Alles was zählt
Alles was zählt is a German television soap opera first broadcast on RTL on 4 September 2006. The original plot revolved around Diana Sommer's dream to become a world class ice skater, she fell in love with Julian Herzog, who signed her at the prestigious Steinkamp Sport and Wellness Center, run by the unscrupulous Steinkamp dynasty. Diana and Julian became a couple, but in November 2007, Julian suffered a brain hemorrhage and died during their wedding. Diana remained in Essen until January 2009; the story continues to revolve around the Steinkamp Sport and Wellness Centre and its quest to become a sporting powerhouse, as well as the lives of the characters who work at and around the Centre. AWZ is the third daily soap on RTL, created after Schlechte Zeiten and Unter Uns. While the show is set in Essen, filming takes place in Cologne. Tanja Szewczenko is -- like the character she played -- a famous German ice skater. In January 2009, she left the series to pursue her skating career. In February 2008, AWZ was awarded Blu Magazine's Best National TV Format award for its portrayal of the relationship between Deniz and Roman.
Actors Igor Dolgatschew and Dennis Grabosch accepted the award on behalf of the series. While their story was spotlighted, the "DeRo" storyline reached a wide international fanbase with over 12,000 subscribers on YouTube; the series is produced by Grundy UFA productions, the same company responsible for RTL's other daily soaps. In October 2007, this show and Unter Uns were part of the first-ever crossover of two soap operas in Germany, when characters from AWZ attended a concert by Mars from Unter Uns. In April 2010, another RTL crossover featured Helmut Orosz and Mehrzad Marashi from DSDS performing a duet in the No. 7. The theme song, "Nie genug", is sung by Austrian singer Christina Stürmer. AWZ is directed in week-long blocks with revolving directors, including Christof Brehmer, Stefan Bühling, Gudrun Scherer, Jörg Mielich, Tina Kriwitz, Klaus Knoesel, Annette Herre, Matthias Paul and Andreas Stenschke, to name just a few. Official site Grundy UFA – Production company Magic Media Company – Production sites Alles was zählt on IMDb
Verbotene Liebe is a German television soap opera created by Reg Watson for Das Erste. The show is set in the German city of Düsseldorf although, at times, the city of Cologne and the Spanish island of Majorca have figured prominently in the show's story lines. First broadcast on 2 January 1995, Verbotene Liebe was broadcast in 24-minute episodes, five times a week, it expanded to 45-minute episodes on 21 June 2011 and trimmed back to 40-minute episodes on 23 January 2012 to accommodate an adjusted time-slot. In 2006, Pay-TV network Passion began broadcasting episodes of the show from the beginning. Verbotene Liebe was based on original story and character outlines from the Australian soap opera Sons and Daughters, before evolving into a show of its own as the series progressed; the show focused on two core families: the wealthy Anstetten family and the middle-class Brandner family. More it dealt with the story of Jan Brandner and Julia von Anstetten, two strangers whose fascination for each other leads them to fall in love, neither of them cognizant that they are twins separated by their parents.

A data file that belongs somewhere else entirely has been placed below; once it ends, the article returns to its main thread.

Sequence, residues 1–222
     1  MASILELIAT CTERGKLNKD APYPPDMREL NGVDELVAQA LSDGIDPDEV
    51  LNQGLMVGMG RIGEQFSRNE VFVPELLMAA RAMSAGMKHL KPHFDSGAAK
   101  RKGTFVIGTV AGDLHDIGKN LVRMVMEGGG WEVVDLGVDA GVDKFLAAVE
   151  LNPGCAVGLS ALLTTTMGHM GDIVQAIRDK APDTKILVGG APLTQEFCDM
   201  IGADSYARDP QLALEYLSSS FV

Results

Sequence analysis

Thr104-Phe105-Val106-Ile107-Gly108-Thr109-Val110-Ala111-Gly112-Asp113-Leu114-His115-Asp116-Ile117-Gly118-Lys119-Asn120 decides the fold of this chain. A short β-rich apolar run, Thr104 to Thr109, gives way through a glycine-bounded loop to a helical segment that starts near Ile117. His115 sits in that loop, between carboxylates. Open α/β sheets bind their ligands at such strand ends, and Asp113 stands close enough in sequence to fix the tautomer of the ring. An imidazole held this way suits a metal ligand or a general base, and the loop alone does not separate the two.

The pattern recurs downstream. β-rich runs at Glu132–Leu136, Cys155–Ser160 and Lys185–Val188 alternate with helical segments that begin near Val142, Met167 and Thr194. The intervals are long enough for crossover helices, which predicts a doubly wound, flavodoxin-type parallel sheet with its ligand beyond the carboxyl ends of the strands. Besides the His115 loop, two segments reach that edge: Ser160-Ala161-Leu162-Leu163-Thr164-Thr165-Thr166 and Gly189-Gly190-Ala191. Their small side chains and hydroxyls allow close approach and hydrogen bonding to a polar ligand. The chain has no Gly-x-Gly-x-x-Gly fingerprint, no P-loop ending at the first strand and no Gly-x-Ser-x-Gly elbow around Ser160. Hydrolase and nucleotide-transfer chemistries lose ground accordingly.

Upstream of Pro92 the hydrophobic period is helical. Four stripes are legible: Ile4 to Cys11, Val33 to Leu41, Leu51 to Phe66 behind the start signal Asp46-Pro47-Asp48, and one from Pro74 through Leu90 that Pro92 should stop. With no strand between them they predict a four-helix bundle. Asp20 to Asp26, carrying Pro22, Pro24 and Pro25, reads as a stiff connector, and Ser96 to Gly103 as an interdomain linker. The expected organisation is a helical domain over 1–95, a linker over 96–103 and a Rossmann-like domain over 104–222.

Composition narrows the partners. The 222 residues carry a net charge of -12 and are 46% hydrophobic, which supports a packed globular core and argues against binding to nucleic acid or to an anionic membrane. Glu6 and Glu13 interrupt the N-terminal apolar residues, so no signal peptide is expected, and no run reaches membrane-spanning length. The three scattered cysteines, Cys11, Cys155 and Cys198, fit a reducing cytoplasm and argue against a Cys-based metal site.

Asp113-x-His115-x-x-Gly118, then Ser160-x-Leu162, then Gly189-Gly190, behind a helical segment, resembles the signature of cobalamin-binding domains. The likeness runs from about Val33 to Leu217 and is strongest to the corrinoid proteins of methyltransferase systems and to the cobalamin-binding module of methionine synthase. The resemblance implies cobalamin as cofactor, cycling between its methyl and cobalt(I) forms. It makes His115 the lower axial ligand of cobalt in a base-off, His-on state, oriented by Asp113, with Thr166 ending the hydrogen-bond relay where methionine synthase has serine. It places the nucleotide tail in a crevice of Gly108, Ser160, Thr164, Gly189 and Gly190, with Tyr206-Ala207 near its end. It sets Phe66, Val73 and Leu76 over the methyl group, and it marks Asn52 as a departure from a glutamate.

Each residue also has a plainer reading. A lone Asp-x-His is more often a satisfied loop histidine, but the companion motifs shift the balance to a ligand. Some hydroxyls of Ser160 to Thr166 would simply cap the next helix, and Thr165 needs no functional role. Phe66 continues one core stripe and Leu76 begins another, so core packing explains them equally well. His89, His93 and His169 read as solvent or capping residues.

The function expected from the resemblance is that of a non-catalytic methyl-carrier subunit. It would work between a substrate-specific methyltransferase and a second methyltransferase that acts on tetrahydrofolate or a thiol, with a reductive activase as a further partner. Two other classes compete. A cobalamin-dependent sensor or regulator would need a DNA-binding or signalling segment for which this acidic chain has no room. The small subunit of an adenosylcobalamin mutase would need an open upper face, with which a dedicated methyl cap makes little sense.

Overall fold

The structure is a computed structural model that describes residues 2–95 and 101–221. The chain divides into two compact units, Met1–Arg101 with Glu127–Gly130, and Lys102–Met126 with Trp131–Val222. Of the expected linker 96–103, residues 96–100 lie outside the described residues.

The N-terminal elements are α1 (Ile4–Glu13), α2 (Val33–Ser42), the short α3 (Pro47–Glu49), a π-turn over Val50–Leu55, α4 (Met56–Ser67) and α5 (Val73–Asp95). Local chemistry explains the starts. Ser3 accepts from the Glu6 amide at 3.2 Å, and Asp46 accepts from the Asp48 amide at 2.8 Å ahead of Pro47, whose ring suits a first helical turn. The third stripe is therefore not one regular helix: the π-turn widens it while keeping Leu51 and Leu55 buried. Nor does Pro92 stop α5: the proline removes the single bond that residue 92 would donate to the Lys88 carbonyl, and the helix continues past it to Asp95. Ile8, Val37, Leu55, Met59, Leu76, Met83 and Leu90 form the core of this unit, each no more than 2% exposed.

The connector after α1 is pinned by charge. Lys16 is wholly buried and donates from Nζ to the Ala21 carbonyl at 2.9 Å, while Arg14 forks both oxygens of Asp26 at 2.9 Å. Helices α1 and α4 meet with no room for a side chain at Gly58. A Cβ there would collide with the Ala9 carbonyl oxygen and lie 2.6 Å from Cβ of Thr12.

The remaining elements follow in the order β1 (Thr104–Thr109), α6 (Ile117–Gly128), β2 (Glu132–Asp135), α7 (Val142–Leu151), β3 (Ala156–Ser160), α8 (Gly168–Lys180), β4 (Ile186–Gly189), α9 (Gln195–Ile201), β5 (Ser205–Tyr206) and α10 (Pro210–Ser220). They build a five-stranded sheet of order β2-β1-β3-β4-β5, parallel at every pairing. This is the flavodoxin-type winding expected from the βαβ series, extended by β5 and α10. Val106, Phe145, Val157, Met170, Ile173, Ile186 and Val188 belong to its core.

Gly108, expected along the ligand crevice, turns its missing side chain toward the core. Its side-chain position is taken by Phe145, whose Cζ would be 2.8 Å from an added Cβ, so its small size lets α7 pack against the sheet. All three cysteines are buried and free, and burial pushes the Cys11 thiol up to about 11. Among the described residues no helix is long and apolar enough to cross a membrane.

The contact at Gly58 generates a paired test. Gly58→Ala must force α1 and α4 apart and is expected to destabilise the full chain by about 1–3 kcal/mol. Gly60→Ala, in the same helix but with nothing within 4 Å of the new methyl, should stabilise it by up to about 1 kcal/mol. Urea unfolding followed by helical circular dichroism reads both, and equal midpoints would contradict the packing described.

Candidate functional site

It is this story of forbidden love. As cast members left the show, many characters were written out of the storyline, new ones were added. Sometimes this included whole families. Writers attempted to phase out the dwindling Brandner family by introducing a new middle-class family, the Prozeskis, as foils for the wealthy Anstettens, but the Brandners proved to be too popular with fans, the Prozeskis left as as they came. Much of the drama centers on the Wolf family and the aristocratic Lahnstein family; the series has become well known for its groundbreaking treatment of LGBT characters, presenting bisexuality and homosexuality as normal, homosexual relationships as equal to heterosexual relationships on the show. For this reason, it has become popular with gay and lesbian audiences in Europe and the United States. On the cutting edge, the series has tackled controversial issues such as drug addiction, rape, adultery, incest, drug abuse, schizophrenia, HIV, miscarriage and sexual confusion. In 2005, Verbotene Liebe received the Rose d'Or award for "Best Soap", in 2010 was nominated for the category of "Best Soap or Telenovela".
The show was nominated for eight German Soap Awards in 2011. In January 2011, the series began filming in high definition; the show ended on June 2015, after 4664 episodes due to a decline of viewers. The February transition to weekly broadcasting did not bring the number of viewers they had expected; the central focus of Verbotene Liebe is the fictional high society in and around Düsseldorf and Cologne. Set in a world of power and intrigue, main locations in the beginning were Friedenau Castle, the Brandner home and the bar No Limits. While the location of Friednau Castle was abandoned in 2001 and followed by the short-lived location of Schönberg Manor and Königsbrunn Castle, the Brandner home stayed with the show as a permanent location beyond the show's 15th anniversary. Friedenau Castle, Schönberg Manor and Königsbrunn Castle are supposed to show a lifestyle of rich aristocrats and the Brandner home was used as a contrast, showing life of a middle-class family. Ehreshoven Castle is used for on location shoots for the fictional Königsbrunn Castle.